10 Questions for Kathryn Mills
- By Christin Howard
“My Dad took me out of kindergarten before the end of the semester, and we flew to Europe. We’re American, but 1961 was a good time for us to be out of the country. My father, C. Wright Mills—a sociologist and pioneering social critic—was embroiled in troubles, both political and personal.” —From "Up in Smoke," Summer 2019 (Vol. 60, Issue 2)
Tell us about one of the first pieces you wrote.
In my early twenties, I wrote poems about my love life and nature in a small sketch pad, using different colored inks.
What writer(s) or works have influenced the way you write now?
I love books that blur the lines between genres—memoir blended with journalism, history, and biographical aspects or fiction that features history and social criticism. A couple of my favorites are: In the Darkroom by Susan Faludi and The English Patient by Michael Ondaatje.
What other professions have you worked in?
I was a community organizer and advocate for several years. After that I had a long career working for a publishing company, Houghton Mifflin Harcourt, mostly as head of their trade contracts department. In my spare time over the years, I took classes in photography, writing, and patchwork quilt-making. At one point, I put away my scraps of fabric, and began gathering scraps of writing--my father’s letters. After almost five years of work during evenings and weekends, the result was published by the University of California Press: C. Wright Mills: Letters and Autobiographical Writings, which I edited with my half-sister, Pamela. In 2017, I retired early from my job so I’d have more time for my projects, especially writing.
What inspired you to write this piece?
My parents. My mother’s scope was more modest than my father’s, but they both were unafraid when it came to confronting problems directly and honestly. That’s what I tried to do when I wrote “Up in Smoke.”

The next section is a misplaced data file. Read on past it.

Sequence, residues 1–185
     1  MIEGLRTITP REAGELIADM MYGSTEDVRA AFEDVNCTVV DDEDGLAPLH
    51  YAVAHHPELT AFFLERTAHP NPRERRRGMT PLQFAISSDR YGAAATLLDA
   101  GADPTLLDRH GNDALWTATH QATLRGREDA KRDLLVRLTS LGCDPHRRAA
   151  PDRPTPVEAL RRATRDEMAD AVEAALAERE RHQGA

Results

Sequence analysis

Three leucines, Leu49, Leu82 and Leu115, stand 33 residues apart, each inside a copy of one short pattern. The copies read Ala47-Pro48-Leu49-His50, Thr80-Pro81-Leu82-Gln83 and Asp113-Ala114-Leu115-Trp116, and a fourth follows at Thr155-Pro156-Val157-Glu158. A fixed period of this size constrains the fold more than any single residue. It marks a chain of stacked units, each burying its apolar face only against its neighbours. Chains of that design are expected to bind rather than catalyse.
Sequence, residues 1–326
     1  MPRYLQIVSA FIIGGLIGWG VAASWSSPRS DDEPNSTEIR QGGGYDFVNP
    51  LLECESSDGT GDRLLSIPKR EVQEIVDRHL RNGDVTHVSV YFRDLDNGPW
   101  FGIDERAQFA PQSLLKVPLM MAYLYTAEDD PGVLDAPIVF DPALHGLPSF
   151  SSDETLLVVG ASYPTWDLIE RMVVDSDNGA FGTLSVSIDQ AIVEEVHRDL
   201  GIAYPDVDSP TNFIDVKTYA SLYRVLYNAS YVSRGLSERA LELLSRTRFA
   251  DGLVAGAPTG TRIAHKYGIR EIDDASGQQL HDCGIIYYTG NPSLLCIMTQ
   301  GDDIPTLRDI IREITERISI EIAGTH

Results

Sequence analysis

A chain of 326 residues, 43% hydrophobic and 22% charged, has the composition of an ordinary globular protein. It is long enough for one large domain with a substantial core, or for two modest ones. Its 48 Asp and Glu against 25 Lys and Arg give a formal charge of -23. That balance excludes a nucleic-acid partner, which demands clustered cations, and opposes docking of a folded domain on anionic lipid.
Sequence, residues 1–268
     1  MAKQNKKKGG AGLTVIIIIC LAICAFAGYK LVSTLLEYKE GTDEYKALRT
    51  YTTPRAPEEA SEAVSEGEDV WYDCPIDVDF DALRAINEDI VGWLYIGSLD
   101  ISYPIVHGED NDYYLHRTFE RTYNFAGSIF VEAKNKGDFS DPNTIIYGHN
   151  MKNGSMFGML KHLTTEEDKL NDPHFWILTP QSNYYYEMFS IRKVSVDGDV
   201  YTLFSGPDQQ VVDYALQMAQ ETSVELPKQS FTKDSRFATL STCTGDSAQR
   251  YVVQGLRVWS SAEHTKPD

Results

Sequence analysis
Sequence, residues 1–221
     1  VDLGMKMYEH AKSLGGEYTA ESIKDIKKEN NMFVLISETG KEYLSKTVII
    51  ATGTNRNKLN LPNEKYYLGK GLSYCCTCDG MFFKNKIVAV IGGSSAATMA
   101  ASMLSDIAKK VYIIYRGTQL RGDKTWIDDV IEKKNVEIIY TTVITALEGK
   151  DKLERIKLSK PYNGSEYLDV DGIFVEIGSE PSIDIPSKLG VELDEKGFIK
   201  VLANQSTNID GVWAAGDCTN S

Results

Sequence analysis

Is there a city or place, real or imagined, that influences your writing?
The green cinderblock home my father and stepmom, an artist, designed and built near a reservoir in Rockland County, New York, was a beautiful place with water views, full of creative energy and good memories for me. It doesn’t exist anymore. A new owner tore it down to make way for a bigger house, but I remember it well.
Is there any specific music that aids you through the writing or editing process?
Yes, Pachelbel's Canon in D Major and Bach’s Brandenburg Concertos help me concentrate. To me they sound serene, optimistic, and powerfully well organized. They build a wall of music around me, blocking out other sounds or moods from wherever I am.
Do you have any rituals or traditions that you do in order to write?
Like a lot of people, I sit down with a cup of coffee or tea. When I’m writing something difficult, I like to start early in the morning right after breakfast, when I’m still in pajamas.
Who typically gets the first read of your work?
My writing group—several people I had the good fortune to meet at GrubStreet in Boston. We took the same nonfiction writing class.
What are you working on currently?
I’m working on a book that’s partly a memoir about my unconventional childhood and coming of age and partly an investigation into my parents’ lives and times. My father was C. Wright Mills, a sociologist and controversial public figure, and my mother was Ruth Harper Mills, a statistician with bipolar disorder who worked with him.
What are you reading right now?
I just finished reading The House of Broken Angels, a wonderful novel by Luis Alberto Urrea, and now I’m reading Them: A Memoir of Parents, a fascinating book by Francine du Plessix Gray. Both works involve families immigrating to the United States--coming from Mexico in The House of Broken Angels and from Russia via France in Them.
Kathryn Mills is C. Wright Mills’s daughter with Ruth Harper Mills, the statistician who worked with him on White Collar and The Power Elite. She collected, selected, and edited C. Wright Mills: Letters and Autobiographical Writings (with Pamela Mills), and has given readings and talks based on her father’s letters and writings in Austria, Canada, Norway, and the United States. She visited Cuba twice on people-to-people tours organized by her alma mater, Hampshire College. She worked for Houghton Mifflin Harcourt, most recently as vice president, contracts, trade publishing. She studied creative nonfiction writing at Grub Street in Boston. She is working on a memoir.